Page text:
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“Physicists tend to be super critical of strong conclusions, but the data on global warming now indicate the conclusions are not nearly strong enough.”
Leon Lederman, Fermilab, The Christian Science Monitor, March 11, 2010.
“The surprise was that we couldn’t find unpredictable people…We are all boring.”
Albert-Lάszló Barabási, Northeastern University, describing his work studying the patterns of people’s movements using their cell phone logs, AOL News, February 18, 2010.
“Arbitrarily closing the case on a Friday afternoon should not mean the end of this investigation,”
Rush Holt, House of Representatives, on the FBI ending its investigation of the 2001 anthrax attacks, The New York Times, February 19, 2010.
“I think Hollywood’s attitude will be, if we can make it more realistic without spoiling the story and without it costing too much more money, we will do it, but there are always those restraints,”
Sidney Perkowitz, Emory University, on trying to get more accurate science in Hollywood Movies, CNN.com, February 22, 2010.
“There’s nothing better today,”
Kip Thorne, Caltech, on videos from the 1950s he still uses to teach students fluid dynamics, The Atlantic, February 23, 2010.
“I was hiking up at Lake Tahoe in California and noticing the shapes of trees, and wondering, ‘Why do they have a given shape over another?"
Jeffrey Grossman, MIT, describing the inspiration for his new folded design for solar cells, MSNBC.com, February 25, 2010.
“By the time you get to 10 years, I’ve always felt it’s time to move on, do something else, do something fresh…The university’s in great shape, the board of trustees are very stable, the finances are in pretty good shape.”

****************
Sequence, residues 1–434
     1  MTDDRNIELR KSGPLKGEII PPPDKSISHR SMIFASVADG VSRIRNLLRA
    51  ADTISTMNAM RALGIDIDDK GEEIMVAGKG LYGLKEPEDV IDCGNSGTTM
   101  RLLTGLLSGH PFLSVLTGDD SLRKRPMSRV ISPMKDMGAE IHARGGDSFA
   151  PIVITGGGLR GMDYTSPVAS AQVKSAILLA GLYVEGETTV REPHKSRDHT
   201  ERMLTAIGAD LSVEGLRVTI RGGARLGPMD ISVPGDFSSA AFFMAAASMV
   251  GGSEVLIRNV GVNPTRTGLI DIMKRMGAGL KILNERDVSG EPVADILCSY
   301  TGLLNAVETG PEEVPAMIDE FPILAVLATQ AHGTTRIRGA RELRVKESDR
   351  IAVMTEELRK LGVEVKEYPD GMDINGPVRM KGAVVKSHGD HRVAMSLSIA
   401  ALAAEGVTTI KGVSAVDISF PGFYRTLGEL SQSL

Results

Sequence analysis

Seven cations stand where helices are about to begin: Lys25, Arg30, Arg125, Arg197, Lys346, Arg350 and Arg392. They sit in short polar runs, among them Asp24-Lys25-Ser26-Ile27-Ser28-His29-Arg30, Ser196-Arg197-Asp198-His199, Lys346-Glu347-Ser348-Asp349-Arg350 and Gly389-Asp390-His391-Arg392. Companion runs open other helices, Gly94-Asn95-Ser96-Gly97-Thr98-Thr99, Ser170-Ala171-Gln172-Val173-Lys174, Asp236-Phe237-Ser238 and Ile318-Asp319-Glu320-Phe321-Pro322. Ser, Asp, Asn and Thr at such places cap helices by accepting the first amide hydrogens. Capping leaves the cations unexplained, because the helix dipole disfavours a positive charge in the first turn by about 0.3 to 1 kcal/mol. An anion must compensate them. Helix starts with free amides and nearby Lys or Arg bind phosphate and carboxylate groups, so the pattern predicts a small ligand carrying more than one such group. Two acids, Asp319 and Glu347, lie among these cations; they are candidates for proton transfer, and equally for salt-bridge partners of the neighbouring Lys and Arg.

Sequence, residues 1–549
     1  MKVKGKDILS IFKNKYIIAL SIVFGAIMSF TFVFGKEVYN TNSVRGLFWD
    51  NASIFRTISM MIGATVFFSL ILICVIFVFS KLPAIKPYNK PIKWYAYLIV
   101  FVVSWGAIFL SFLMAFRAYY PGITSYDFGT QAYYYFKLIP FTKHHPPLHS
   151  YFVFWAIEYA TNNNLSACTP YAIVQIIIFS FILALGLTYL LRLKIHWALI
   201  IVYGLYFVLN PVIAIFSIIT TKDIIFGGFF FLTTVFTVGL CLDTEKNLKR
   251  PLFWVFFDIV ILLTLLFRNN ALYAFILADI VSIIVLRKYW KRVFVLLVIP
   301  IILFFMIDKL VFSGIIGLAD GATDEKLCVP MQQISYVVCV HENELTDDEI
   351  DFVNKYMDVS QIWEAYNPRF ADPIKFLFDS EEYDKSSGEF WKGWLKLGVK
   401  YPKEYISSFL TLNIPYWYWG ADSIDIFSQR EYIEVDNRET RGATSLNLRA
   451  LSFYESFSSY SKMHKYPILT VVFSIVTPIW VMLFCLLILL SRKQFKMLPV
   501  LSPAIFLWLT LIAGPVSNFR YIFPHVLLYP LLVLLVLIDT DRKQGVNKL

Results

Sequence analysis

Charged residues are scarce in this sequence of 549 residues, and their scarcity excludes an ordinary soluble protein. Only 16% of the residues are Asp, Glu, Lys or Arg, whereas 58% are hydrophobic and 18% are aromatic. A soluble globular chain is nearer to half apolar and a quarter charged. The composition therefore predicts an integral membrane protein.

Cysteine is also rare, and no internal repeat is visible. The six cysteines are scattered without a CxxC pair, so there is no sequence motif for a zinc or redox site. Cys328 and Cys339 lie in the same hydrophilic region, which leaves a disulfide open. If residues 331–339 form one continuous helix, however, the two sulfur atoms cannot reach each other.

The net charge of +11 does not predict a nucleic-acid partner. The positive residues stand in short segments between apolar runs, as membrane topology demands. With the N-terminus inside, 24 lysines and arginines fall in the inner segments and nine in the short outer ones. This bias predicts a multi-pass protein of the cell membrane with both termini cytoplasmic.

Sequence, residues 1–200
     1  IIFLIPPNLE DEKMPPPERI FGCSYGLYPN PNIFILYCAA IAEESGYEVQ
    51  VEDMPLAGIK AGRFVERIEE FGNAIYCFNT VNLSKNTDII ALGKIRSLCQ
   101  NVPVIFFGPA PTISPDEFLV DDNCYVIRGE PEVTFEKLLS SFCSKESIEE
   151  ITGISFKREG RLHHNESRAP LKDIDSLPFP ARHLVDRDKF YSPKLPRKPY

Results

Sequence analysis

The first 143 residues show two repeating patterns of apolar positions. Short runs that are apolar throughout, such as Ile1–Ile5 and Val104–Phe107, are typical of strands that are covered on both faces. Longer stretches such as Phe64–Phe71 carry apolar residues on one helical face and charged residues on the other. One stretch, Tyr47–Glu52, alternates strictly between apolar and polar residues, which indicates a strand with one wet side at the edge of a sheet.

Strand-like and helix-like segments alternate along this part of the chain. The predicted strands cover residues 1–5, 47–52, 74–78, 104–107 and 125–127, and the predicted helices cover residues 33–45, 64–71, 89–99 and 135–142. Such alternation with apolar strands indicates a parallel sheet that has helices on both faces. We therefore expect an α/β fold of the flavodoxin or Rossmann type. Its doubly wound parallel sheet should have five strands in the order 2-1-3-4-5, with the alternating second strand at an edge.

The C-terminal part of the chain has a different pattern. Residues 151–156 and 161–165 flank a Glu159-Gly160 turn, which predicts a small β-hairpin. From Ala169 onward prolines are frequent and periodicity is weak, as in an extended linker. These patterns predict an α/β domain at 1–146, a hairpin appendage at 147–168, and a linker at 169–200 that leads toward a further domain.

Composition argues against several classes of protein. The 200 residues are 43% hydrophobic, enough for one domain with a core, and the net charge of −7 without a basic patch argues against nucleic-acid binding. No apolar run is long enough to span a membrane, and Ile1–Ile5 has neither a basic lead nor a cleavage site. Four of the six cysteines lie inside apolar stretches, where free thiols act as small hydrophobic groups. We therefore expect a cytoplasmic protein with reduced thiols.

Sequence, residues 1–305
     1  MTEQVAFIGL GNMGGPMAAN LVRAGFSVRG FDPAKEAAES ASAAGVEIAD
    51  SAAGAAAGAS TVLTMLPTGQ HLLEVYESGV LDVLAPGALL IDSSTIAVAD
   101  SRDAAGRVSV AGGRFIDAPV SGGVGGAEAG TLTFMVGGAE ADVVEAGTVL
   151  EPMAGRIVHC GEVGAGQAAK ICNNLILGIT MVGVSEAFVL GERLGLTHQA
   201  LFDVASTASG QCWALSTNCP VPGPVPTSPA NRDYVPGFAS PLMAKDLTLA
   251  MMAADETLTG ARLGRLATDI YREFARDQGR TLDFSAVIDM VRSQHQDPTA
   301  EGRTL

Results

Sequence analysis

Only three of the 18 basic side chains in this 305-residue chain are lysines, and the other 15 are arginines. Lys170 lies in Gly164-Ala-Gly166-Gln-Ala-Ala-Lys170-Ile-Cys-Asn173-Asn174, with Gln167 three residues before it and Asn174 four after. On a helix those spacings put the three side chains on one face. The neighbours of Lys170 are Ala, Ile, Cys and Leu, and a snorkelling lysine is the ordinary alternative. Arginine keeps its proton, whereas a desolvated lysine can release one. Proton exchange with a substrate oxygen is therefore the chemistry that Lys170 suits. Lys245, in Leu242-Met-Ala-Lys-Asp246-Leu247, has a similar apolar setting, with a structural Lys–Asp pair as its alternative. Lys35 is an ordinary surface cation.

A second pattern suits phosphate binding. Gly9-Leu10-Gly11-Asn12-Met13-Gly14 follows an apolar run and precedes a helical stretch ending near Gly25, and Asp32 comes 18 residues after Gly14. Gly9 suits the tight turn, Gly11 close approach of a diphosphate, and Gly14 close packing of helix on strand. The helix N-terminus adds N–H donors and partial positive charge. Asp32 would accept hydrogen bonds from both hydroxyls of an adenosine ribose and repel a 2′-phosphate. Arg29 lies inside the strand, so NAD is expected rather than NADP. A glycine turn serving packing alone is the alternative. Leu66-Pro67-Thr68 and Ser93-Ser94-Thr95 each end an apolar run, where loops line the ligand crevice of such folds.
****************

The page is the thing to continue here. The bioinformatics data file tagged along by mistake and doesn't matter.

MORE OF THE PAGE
Jack Wilson, University of Massachusetts, on stepping down from the presidency of the university, WBUR.org, March 1, 2010.
“It would be better if DOE just took this back.”
Arjun Makhijani, Institute for Energy and Environmental Research, on drums of depleted uranium waste slated to be transferred from South Carolina to Utah, The Salt Lake Tribune, March 3, 2010.
“Wherever there is a battle over evolution now there is a secondary battle to diminish other hot-button issues like Big Bang and, increasingly, climate change. It is all about casting doubt on the veracity of science–to say it is just one view of the world, just another story, no better or more valid than fundamentalism.”
Lawrence Krauss, Arizona State University, The New York Times, March 4, 2010.
“By accelerating the gold (gold was selected because it is very heavy) at extremely high speeds, we were able to replicate the conditions right after the big bang…At a temperature of about 2 trillion degrees, which is about 100,000 times hotter than the surface of the sun, we were able to produce a new form of matter.”
Carl Gagliardi, Texas A&M, UPI, March 4, 2010.
“Deuterium is in sea water. The oceans of the world contain sixty billion year’s worth of deuterium. Tritium comes from lithium, lithium salts are in sea water.”
Steven Cowley, Culham Centre For Fusion Energy, BBCNews.com, March 5, 2010.
“I saw a marvelous BBC production of ‘Copenhagen,’ with really great actors who clearly didn’t understand physics…I doubt it was noticeable to anyone but a physicist, but there were one or two places where I said, ‘Ouch!’”
David Gross, University of California Santa Barbara, on portraying physicist Werner Heisenberg in a UCSB production of the play, Los Angeles Times, March 5, 2010.
“I’m used to standing in front of an audience but I’m telling my story and it’s my physics. It’s quite different getting inside of someone else.”
Alan Heeger, University of California Santa Barbara, on portraying physicist Niels Bohr in a UCSB production of “Copenhagen,” Los Angeles Times, March 5, 2010.
“We enter this process with no preconceived conclusions,”
Robbert Dijkgraaf, Universiteit van Amsterdam, after being named chair of a review board for the U.N. Intergovernmental Panel on Climate Change reports, The Associated Press, March 10, 2010.
“There is some advantage to encouraging people to think about the energy that a car or a home or a power plant involves…Whether it’s called the Rosenfeld or not doesn’t matter to me. I would never call it that myself–that’s immodest.”
Arthur Rosenfeld, California Energy Commission, on a unit of power savings being named after him, San Jose Mercury News, March 11, 2010.
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